If, like me, you like rich, fruity, boozy scents of the Mauboussin variety, then this little number will certainly ring your bell.
Swirling layers of peach,amber,creme de cassis and caramel radiate off my skin and into the realm of compliments. This little diva is all about joyous abandonment and devil-may-care attitude.
Don't be shy with the application or others will fail to notice all of its full-on charms!
Why do they always discontinue little gems like this. Are people blind to their merits or is my taste so far removed from normality that I am on a different plane to the vast majority of the perfume buying public?
Tania Sanchez gives this five stars and goes on for two pages about it. Hmmm .
The original Badgley Mischka is a cheap smelling, synthetic, fruity mix of berries and a cloying jasmine, supported by a reedy, artemesia-like wood (used in millions of oceanics). It smells like thousands of other fruity scents out there.
The first whiff does remind me of an Angel flanker (Xmas shop and potpourris), but it degenerates quickly into a remarkably undistinguished fragrance. This is worlds away from the truly remarkable fruity florals, such as Byblos and Rabanne's La Nuit, not to mention the classic Fracas.
If you love the bottle, but it empty on Ebay, but do your nose a favor and avoid this one.
The vintage parfum:
The top notes are dominated by a delightful and not overly sweet peach notes, that has a fruity berry mixed with a very soft patchouli added to it. In the drydown a pleasant osmanthus-jasmine duo arises, with a peonie impression growing increasingly stronger; clearly the heart notes are a change to the floral side. Nevertheless, there is also a very soft amber component present, which in the base is given more depth by woodsy undertones.
Interestingly, on my skin the peach is always present and actually grows stronger towards the end; and as this is a very nice peach note it makes the end deliciously fruity with a hint rod powderiness. This a reversal of the traditional march from the fruity to the woody/musk; here this sequence is turned on its head - a nice twist.
The performance is exceptionalneither moderate sillage, good projectionnand a phenomenal longevity of nearly fourteen hours - superb and very good even for a parfum extraît. It is beautifully blended if products of the highest quality. A great composition that is masterfully executed but maybe not of a complexity and structure to make it a truly great masterpiece, but a beautiful fragrance nonetheless.
Notes for this are listed as peach, cassis, sueded musks, peony, jasmine, amber, red berries, sandalwood, caramel, osmanthus and patchouli. I think body chemistry has everything to do with how this scent acts. I get a touch of peach, and the rest is amber. Amber can really do a job on me depending on what it is paired with. I don't hate this, but don't love it either. It actually smells better in the bottle than on my skin. I'd wear it during the winter.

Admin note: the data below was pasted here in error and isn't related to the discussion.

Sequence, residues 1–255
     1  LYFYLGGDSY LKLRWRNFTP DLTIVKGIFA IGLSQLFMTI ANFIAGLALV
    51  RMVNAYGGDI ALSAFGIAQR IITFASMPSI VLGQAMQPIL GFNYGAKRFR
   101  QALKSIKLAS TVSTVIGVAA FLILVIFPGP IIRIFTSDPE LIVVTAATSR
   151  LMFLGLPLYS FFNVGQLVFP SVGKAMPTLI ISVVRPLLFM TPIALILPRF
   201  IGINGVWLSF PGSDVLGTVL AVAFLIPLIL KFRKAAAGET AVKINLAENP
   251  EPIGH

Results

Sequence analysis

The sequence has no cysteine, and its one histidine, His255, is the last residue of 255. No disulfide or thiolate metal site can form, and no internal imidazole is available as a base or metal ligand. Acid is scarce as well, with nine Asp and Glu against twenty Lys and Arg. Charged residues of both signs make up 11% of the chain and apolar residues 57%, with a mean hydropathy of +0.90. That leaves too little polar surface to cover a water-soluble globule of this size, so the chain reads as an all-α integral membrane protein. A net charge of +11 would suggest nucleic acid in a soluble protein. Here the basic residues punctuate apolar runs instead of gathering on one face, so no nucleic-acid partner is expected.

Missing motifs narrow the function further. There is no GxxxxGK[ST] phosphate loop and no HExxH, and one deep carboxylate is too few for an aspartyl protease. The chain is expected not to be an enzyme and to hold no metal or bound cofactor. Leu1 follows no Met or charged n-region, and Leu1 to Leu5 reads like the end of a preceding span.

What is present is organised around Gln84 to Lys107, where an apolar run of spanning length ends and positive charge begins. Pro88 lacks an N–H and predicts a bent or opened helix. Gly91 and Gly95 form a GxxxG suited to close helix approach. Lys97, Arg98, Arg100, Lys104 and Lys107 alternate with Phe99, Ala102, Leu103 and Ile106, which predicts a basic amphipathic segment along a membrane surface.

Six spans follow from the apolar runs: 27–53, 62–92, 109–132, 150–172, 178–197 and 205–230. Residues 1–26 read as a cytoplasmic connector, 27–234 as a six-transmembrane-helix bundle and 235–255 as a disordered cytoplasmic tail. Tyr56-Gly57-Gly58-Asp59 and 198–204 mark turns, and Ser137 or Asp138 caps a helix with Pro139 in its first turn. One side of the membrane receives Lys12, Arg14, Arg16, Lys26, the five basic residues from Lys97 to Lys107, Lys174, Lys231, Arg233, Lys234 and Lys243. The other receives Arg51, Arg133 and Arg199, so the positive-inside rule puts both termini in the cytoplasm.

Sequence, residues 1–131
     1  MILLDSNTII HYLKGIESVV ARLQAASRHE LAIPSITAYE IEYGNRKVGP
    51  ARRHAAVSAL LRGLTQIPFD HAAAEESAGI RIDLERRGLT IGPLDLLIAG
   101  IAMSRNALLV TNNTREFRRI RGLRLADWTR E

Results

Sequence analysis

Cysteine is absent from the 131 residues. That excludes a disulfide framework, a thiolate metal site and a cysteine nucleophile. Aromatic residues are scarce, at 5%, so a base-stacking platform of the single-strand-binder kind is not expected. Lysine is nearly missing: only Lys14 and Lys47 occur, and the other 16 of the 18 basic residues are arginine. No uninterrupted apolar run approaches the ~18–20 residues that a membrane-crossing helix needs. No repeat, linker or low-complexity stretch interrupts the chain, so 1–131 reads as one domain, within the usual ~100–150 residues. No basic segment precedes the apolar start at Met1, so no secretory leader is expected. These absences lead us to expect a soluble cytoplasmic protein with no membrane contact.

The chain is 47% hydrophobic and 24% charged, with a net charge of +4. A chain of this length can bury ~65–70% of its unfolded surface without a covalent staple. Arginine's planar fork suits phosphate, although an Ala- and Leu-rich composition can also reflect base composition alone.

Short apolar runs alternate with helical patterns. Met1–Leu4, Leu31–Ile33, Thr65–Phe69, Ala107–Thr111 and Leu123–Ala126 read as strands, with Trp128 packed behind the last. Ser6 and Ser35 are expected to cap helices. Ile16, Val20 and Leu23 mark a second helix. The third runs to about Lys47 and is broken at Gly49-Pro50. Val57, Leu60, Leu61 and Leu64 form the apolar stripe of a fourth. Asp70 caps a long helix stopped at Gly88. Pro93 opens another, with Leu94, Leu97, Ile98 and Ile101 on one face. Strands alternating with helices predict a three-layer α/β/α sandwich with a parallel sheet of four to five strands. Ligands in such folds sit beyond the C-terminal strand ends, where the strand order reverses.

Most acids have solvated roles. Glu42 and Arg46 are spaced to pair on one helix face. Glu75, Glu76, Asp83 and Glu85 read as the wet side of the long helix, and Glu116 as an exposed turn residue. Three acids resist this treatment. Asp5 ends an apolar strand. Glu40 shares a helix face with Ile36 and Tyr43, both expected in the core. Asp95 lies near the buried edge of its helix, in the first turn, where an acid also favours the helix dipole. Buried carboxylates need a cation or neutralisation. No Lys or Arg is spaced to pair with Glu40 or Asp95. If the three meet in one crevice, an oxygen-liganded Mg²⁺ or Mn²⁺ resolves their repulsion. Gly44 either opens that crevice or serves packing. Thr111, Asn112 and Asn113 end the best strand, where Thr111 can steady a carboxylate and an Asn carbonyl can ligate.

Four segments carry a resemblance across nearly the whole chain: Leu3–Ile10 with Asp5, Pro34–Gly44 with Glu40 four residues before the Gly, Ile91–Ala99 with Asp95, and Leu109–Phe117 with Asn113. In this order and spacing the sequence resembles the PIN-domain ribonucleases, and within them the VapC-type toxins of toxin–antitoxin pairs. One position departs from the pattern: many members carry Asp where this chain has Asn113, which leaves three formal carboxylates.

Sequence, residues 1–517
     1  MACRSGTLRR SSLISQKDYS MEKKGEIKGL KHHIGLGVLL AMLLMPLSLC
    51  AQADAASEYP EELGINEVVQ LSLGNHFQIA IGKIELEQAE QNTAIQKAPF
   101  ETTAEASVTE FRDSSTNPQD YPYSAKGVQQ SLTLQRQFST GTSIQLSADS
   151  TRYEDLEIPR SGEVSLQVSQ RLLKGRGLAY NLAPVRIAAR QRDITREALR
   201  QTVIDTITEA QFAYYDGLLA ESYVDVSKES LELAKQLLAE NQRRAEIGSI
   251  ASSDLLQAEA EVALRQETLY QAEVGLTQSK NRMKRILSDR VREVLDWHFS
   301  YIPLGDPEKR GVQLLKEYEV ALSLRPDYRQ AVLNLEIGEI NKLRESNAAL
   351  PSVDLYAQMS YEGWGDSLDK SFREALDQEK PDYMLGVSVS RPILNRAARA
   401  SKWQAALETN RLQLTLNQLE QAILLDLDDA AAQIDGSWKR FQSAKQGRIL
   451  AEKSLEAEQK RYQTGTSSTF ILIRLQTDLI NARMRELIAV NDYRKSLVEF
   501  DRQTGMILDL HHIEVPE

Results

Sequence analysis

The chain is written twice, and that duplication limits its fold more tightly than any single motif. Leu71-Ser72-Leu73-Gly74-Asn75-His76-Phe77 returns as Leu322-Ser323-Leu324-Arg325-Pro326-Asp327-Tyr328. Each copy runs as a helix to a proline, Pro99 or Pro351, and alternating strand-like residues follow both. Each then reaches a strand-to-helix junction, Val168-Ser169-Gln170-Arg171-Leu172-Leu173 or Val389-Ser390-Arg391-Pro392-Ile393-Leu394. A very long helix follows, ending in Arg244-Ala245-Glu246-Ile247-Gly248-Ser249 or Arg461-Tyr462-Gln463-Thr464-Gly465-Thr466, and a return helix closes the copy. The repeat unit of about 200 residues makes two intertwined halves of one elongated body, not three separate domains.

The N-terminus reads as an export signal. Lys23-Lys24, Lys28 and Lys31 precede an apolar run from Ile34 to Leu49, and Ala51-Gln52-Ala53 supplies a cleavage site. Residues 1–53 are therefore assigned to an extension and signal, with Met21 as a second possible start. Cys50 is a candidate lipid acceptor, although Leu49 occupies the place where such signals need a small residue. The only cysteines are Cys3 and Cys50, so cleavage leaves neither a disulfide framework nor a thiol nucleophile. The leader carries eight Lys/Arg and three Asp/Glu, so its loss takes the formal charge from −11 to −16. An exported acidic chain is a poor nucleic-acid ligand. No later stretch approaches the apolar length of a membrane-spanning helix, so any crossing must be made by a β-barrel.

Badgley Mischka serves up the brightest, sweetest fruit custard accord you could imagine on a platter of smooth woods, clean musk, and amber. Its not complex, its not sophisticated, and its not subtle. It doesnt develop all that much, and it reveals no hidden depths. Its simply happy, and if youre looking for a cheerful, fruity scent for summers on the beach, you could do a lot worse.
Aggressive, histrionic, baroque fruit-chouli. Not my style. I avoided trying Badgley Mischka because of its diva rep. It isn't a genre I enjoy dabbling in - too many 'fast-food' fragrances, celebs, and pleasant, insipid forgettables. Every once in a while there's a real beauty and this was called a masterpiece among fruity chypres. I love a good chypre, so I felt I needed to check it out. Good thing I wasn't holding my breath. Or maybe I should have.
Patchouli is carrying the load a lot for chypre designations anymore. This is barely a chypre, if at all. Badgley Mischka was mostly a big fruity floral, made dusky by the patchouli - a fruity-floral dressed up to go to the opera. I hope the diva of the opera Badgley Mischka visits can hold her own against this Wagnerian foghorn.
I was bored almost the minute I put it on and I'm not sure why. It has a familiarity that made me struggle to not dismiss it. So I gave it some time and several wearings. It has a big voluptuous fruity opening, full and rounded, diva that it is. It turns out the histrionics of the opening really was Badgley's best part. As the opening settled down, it became more mannered, but also more banal. It seemed more fruit than flower, more non-objectionable than interesting, more loud than powerful. I couldn't make a connection with this fragrance and became uninterested.
It comes down to personal taste. I didn't care for the main chord of Badgley Mischka. I don't need a fragrance to break new ground for me to appreciate it and am not put off by similarities between fragrances, but I guess I really did need it to show me something new in this genre, as its niche is not one I care for. But it didn't. To me fruit doesn't replace sensuality and bombast doesn't equal power. Fragrance has to at some level be about the skin, the connection to the body and if it's great, speak of the soul. I don't want that statement to be shouted at parties, inundating people in elevators and speaking for me on dates. I have to ask myself, What the hell would this fragrance be saying about me?
Saying this one has a chypre base is fudging it. Whatever duskiness was there was no match for what turned out to be, boringly, a fruity floral drydown I debated whether to give it a thumbs down or neutral and decided on neutral, because it is an okay representation for this class, I suppose, better than many. My main reaction was disinterest rather than dislike. But further than that I won't go, as I won't be wearing this again.